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Are There Allergies That Make You Fat?

by
author image Cindy Hill
A freelance writer since 1978 and attorney since 1981, Cindy Hill has won awards for articles on organic agriculture and wild foods, and has published widely in the areas of law, public policy, local foods and gardening. She holds a B.A. in political science from State University of New York and a Master of Environmental Law and a J.D. from Vermont Law School.
Are There Allergies That Make You Fat?
A woman with allergies is blowing her nose. Photo Credit luna4/iStock/Getty Images

Overview

An allergy is an abnormal physiological reaction to some item or substance that triggers the response. Contact allergies can cause itching and rashes, whereas airborne allergens such as pollen and dust can cause sneezing, runny nose and watery eyes. Insects, pet dander and foods like shellfish are common allergens, triggering allergic responses that range from irritating to potentially fatal. Some allergies can even trigger weight gain and wind up making you fat.

Type B Food Allergies

Craving and overeating particular foods may be the sign of a Type B food allergy, according to nutritionist Marilyn Glenville, Ph.D., author of the book, "The Foundation of Health." While a Type A food allergy will cause an immediate, often dangerous, physiological reaction, such as the anaphylactic response often generated by allergen exposure in people with shellfish or peanut allergies, Type B food sensitivities can cause more long-term, delayed reactions, including weight gain, fatigue and aching joints, Dr. Glenville reports. Delayed food allergies may not cause an inflammatory response until three days after ingestion, and continuing to eat the triggering food can cause cumulative effects. Current food allergy testing techniques can help identify many Type B food allergies, as can eliminating foods one by one from the diet for an extended period of time.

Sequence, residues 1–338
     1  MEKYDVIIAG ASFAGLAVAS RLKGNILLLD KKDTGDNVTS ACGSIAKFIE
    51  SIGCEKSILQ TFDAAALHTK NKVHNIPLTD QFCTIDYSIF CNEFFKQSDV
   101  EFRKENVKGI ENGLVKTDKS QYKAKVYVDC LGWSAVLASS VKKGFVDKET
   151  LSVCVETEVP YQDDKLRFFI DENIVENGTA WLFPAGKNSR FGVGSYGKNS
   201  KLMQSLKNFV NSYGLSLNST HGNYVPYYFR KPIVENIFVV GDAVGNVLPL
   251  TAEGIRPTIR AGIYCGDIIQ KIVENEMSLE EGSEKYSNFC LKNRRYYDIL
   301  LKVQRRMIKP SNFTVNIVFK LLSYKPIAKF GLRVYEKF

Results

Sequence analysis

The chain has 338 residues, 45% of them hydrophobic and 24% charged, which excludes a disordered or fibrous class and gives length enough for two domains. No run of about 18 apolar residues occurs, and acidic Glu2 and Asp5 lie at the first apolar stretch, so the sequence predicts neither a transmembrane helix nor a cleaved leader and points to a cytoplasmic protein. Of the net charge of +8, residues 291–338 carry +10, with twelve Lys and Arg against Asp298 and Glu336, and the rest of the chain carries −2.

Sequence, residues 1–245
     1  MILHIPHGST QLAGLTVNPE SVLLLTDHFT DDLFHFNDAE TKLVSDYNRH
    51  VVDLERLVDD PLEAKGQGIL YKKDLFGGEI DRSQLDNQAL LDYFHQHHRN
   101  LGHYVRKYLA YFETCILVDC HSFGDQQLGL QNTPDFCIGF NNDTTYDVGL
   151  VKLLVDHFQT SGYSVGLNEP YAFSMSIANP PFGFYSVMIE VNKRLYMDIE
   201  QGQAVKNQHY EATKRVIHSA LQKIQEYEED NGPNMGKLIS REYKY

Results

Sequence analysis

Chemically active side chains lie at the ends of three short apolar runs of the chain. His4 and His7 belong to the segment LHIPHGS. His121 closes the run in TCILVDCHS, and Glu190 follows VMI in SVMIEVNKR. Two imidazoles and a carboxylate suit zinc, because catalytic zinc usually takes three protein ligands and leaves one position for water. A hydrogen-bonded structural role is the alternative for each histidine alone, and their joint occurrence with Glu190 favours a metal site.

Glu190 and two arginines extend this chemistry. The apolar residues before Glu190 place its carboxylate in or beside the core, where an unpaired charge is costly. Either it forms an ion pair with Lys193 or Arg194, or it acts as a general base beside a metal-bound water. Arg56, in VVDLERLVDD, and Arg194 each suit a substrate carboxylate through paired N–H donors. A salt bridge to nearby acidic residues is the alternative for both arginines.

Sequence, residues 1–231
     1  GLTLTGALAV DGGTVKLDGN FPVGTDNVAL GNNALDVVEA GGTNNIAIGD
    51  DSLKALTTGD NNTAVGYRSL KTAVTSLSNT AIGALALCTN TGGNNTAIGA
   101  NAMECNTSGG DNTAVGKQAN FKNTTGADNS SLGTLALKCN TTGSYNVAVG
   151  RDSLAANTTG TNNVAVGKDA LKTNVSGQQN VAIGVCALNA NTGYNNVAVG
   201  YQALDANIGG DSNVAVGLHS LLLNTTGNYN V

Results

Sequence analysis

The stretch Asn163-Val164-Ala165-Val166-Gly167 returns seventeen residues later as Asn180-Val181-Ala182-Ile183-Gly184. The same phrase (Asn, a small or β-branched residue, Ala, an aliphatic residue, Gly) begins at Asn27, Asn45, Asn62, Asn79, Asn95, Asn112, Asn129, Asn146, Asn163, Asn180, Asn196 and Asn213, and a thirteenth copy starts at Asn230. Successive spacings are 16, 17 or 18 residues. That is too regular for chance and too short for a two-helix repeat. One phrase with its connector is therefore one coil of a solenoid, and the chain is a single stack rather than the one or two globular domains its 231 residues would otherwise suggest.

Hay Fever

Common hay fever, pollen, dust and pet dander allergies can make you fat—not because the allergies themselves cause weight gain but rather due to the over-the-counter and prescription antihistamines commonly used to treat the itchy red eyes and runny noses that characterize these allergies. Chronic use of antihistamines increase the appetite and particularly create cravings for carbohydrates, reports Drs. Camelia Davtayan and Mina Ma, of the UCLA Department of Medicine. Antihistamines are so effective at increasing hunger that they are prescribed to anorexic patients as an appetite stimulant. If ongoing daily allergies require you to engage in chronic antihistamine treatment, consult your doctor regarding potential alternative treatments with lower weight-gain effects.

Gluten Sensitivity

Gluten sensitivity, or grain allergy, in its most severe form comprises celiac disease, which creates serious health impacts, including unintended weight loss, and requires lifelong abstention from wheat, rye and barley products, advises Dr. David S. Klein, practicing physician, author and medical director of The Pain Center of Orlando, writing for DearPharmacist.com, an online natural health information resource. However, only a small percentage of people with gluten sensitivity demonstrate this classic clinical presentation, Dr. Klein states; many more individuals with gluten sensitivity have episodic stomach cramping, bloating and weight gain. Fatigue and joint pain are also related to gluten sensitivity and can lead to additional weight gain by discouraging vigorous physical activity.

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